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According to the Collins English Dictionary 10th Edition fraud can be defined as: "deceit, trickery, sharp practice, or breach of confidence, perpetrated for profit or to gain some unfair or dishonest advantage".[1] In the broadest sense, a fraud is an intentional deception made for personal gain or to damage another individual; the related adjective is fraudulent. The specific legal definition varies by legal jurisdiction. Fraud is a crime, and also a civil law violation. Defrauding people or entities of money or valuables is a common purpose of fraud, but there have also been fraudulent "discoveries", e.g. in science, to gain prestige rather than immediate monetary gain
*As defined in Wikipedia

Monday, February 15, 2010

More on the Goldman/Greece connection

The Automatic Earth lays out all the articles surrounding the Goldman/Greece scandal here.

Will Europe throw out Goldman Sachs?

Ilargi: Talking to friends over the weekend about the revelations of Goldman Sachs involvement in Greek "fantasy accounting", I said the EU should throw Goldman out and refuse to do any further business with the bank, but that I didn't think they would given Goldman's power in the financial markets. Late last night, former IMF man Simon Johnson wrote that he thinks the EU will indeed ban Goldman. Well, it would certainly would be a good step. Don't kick Greece out of the EU, but Goldman Sachs.

Even with the little information we have so far (Johnson suggests a long list of questions to gather more evidence), it's obvious that there should be enough reason to take measures. For instance, Goldman made some $300 million over a short period of time setting up swaps constructions intended to fool Europe -and investors- about Greece's real financial situation, and it continued such efforts as late in the game as three months ago. It's all certainly immoral, if not downright illegal. Buyers of Greek sovereign debt, just to name a party, certainly have the beginnings of a case against Goldman.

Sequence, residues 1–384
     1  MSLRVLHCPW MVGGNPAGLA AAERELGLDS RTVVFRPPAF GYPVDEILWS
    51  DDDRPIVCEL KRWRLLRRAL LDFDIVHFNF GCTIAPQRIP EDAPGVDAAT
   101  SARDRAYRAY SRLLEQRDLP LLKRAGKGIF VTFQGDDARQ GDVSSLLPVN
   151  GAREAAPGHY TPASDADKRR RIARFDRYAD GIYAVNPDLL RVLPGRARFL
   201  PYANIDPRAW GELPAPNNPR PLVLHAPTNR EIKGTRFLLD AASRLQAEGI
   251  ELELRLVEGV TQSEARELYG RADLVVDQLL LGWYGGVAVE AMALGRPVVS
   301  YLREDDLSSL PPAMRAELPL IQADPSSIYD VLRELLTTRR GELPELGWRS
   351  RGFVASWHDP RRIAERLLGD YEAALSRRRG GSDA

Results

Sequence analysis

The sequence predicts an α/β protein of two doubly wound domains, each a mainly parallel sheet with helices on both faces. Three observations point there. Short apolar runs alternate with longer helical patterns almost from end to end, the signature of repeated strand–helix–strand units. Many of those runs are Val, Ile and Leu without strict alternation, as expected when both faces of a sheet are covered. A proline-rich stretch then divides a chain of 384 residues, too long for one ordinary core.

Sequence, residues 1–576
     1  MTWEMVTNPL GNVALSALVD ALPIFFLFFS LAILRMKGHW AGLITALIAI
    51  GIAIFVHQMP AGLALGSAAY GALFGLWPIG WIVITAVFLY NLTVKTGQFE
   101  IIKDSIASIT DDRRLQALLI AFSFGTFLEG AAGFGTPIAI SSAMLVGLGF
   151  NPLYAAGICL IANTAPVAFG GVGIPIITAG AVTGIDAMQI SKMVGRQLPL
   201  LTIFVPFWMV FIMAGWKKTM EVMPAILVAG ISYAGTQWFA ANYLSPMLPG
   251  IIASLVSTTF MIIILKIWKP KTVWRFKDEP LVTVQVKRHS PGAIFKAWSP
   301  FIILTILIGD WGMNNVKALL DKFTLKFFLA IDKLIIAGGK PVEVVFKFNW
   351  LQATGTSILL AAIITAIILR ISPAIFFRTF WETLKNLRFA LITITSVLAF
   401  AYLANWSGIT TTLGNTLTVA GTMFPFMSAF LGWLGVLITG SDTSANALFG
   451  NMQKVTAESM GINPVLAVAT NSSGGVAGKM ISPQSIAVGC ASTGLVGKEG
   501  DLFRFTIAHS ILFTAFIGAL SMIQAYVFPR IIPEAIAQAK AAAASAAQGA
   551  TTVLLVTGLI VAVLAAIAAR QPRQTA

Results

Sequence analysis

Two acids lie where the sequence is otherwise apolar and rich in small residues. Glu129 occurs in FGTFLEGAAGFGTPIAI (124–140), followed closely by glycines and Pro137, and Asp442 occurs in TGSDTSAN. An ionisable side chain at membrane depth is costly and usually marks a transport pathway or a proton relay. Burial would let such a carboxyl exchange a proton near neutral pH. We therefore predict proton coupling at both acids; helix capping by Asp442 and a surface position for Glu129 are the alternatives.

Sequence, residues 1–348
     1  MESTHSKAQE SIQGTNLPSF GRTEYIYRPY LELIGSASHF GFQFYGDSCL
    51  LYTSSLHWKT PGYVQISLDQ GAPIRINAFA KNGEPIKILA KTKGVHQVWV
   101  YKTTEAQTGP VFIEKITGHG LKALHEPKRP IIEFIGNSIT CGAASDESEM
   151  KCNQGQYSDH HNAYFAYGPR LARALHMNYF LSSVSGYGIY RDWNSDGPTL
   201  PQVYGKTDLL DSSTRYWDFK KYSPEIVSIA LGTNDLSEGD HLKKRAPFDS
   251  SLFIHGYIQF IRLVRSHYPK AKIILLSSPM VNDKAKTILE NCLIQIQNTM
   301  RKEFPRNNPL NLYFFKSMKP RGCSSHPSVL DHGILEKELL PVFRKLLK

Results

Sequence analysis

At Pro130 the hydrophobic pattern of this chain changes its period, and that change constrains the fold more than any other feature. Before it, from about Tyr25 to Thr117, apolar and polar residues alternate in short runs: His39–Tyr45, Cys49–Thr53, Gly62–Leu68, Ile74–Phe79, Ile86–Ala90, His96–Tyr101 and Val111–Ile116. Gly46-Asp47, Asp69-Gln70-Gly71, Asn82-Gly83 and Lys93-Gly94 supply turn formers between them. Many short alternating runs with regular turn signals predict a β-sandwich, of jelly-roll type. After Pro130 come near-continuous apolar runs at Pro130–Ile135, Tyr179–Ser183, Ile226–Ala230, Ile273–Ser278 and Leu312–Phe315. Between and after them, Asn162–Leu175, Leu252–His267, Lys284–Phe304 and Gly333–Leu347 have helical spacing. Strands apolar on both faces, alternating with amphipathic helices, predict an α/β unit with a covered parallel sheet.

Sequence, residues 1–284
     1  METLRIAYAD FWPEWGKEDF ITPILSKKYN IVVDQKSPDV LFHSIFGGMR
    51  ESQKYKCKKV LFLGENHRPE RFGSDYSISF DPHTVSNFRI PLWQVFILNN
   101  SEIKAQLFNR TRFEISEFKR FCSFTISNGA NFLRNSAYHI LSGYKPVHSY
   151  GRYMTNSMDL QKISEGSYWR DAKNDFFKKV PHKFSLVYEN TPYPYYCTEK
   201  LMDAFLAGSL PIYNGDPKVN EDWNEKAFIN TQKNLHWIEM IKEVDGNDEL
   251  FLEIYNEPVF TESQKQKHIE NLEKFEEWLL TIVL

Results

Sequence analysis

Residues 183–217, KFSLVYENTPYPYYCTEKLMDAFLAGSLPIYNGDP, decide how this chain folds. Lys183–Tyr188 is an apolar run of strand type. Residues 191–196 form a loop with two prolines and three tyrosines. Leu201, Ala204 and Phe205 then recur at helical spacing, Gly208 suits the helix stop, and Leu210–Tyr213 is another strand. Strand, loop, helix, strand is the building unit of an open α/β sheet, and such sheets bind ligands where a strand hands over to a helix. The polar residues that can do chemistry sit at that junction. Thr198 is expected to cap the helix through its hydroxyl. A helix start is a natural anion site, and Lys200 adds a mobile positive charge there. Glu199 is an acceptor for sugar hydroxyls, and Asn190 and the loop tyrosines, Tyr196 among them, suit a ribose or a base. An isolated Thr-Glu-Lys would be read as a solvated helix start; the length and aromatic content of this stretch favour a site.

The moral hazard flipside, for lack of a better term, from the European point of view is that the European Central Bank, as well as some governmental offices in Brussels and Luxembourg, have at the very least been asleep while these shenanigans were ongoing, and who knows even actively participating. Moreover, it’s very possible that other European countries were (or even still are) setting up similar deals, and that other banks besides Goldman were assisting them. The New York Times mentions Italy and JPMorgan. A truly serious investigation should therefore be expected to cause quite a few political heads to roll. In other words, there'll be plenty of incentive for those in power to derail any truth-finding process.

Let’s see if Europe has more guts in tearing out its rotting parts than the US has shown in for instance the Goldman-AIG case, where nobody involved, from Bernanke to Paulson to Geithner, seems to be able to remember anything they did mere months ago. I'm not holding my breath, but Simon Johnson's letter has certainly added quite a bit of pressure. Still, we need to realize that both countries and financial institutions have legal departments that are experts in finding reasons not to open their books. So the first thing that needs to happen is for the Greek government to start throwing Greek bodies in jail. Then again, what if the current prime minister is himself involved?

This could be a good moment for the people of Europe to show how forceful their protests can be. They might be needed if they wish to know what happened. What we at least do know so far is that Greek politicians have sold out their voters’ futures for personal short term gains, squandering airport fees and lottery proceeds, among others. There may be much more where that came from.

It could get interesting.


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